I think the person you should be asking is the designer of the speakers and not a tube designer you have taken a liking too. I would ask Alan Yun at Silverline what he thinks. Personally, I think 9 watts driving Dynaudio drivers is way to little.
Thank you for your input.

I emailed Alan at Silverline, and am waiting for his response, which I will post as soon as he replies.

Thank you, Kevin
Do you want to run tubes on the entire speaker or keep the B&K's for the bass modules and tubes on the mid and high frequencies?
1) More important than a speaker's sensitivity rating is its impedance & phase curves.

2) IF the speaker is an easy load - and Silverline supposedly makes speakers that are - a 9W SET could well be a very good match at 93.5 dB/W.

Let's do some quick, basic math here. 93.5 dB/W at 8 ohms gives you 93.5 dB for one watt pulled at one meter. The second speaker gives you another 3 dB. Your listening distance - say 3m - costs you about 10 dB. You're now at about 86.5 dB for one watt. However - that's anechoic. Even in a large room you're going to get *at least* 3 dB of room gain. So, you're at 90 dB now for that one watt - 90 dB is loud. How loud do you want your movies? Well, even if you want peaks of around 100 dB, which is really freaking load, this setup can probably do it.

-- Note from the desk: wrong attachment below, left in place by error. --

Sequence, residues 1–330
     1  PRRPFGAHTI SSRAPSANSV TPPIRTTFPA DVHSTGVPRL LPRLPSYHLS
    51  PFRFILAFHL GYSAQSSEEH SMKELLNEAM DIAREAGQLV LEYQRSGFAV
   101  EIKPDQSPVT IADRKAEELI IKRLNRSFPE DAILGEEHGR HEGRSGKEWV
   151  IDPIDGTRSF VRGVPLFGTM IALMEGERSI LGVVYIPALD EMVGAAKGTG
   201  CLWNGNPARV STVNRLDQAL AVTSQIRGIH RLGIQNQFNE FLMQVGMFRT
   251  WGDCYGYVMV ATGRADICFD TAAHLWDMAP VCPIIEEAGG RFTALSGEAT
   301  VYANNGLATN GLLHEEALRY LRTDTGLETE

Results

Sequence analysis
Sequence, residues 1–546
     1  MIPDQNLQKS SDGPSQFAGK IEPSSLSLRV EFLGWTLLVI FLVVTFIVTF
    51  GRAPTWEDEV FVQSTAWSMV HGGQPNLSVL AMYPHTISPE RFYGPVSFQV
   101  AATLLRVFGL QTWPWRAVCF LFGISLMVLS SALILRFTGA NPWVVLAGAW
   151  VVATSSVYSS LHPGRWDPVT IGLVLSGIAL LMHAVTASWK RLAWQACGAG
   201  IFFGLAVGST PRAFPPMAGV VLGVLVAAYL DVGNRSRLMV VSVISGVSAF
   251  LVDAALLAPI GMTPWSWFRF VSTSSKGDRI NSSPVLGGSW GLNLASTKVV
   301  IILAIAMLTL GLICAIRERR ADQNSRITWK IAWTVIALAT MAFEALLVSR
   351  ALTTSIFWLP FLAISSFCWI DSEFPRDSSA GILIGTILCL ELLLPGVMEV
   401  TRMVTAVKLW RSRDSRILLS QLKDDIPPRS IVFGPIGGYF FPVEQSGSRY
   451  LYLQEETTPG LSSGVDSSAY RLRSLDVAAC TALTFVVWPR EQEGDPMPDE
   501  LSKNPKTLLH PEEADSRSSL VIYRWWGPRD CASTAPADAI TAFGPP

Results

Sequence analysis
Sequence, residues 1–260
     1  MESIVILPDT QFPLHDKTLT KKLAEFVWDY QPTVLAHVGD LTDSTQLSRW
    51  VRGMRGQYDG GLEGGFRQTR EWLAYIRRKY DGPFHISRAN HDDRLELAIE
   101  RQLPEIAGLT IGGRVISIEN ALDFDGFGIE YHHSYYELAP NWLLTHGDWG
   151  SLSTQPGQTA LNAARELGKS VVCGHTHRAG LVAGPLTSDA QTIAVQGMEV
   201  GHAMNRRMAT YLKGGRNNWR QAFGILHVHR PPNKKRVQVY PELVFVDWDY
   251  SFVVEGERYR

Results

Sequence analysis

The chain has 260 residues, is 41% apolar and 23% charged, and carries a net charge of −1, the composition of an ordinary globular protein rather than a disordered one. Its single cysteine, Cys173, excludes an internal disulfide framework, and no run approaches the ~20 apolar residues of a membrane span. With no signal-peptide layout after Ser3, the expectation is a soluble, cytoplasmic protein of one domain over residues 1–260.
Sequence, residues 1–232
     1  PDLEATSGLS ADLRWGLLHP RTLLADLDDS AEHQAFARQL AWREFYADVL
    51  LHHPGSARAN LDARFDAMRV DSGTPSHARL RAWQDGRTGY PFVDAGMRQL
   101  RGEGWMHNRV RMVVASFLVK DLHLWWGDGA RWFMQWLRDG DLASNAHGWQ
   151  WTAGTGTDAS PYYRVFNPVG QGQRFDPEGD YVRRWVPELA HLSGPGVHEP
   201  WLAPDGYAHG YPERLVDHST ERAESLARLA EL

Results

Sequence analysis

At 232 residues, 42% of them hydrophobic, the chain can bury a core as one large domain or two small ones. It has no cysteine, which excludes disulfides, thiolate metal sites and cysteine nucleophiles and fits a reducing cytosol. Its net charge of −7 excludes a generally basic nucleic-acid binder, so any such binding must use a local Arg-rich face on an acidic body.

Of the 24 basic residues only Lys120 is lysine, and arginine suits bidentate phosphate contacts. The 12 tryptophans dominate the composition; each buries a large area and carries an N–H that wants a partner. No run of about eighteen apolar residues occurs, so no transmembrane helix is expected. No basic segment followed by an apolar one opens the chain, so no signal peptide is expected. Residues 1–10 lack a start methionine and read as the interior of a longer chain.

When I had 90 dB/W Hyperion speakers, a 16W 211 SET amp was able to play them louder, with much better bass dynamics, than a 200W solid-state monoblock.

SET amps, being class A, have very robust power supplies. An amps continuous wattage rating is meaningless if the power supply can't produce the current needed. Furthermore, and this is where it does get a little weird, there is some evidence that a single-ended valve amps can swing, for brief periods, way more voltage than their power rating would imply.

So, you might want to give it a try. However, a 300B does not have the current capabilities of the transmitter triodes.

Lastly, Min's a great guy, builds great equipment at great prices, and just might love the idea of building you a pair of 211 or 845 SETs. :)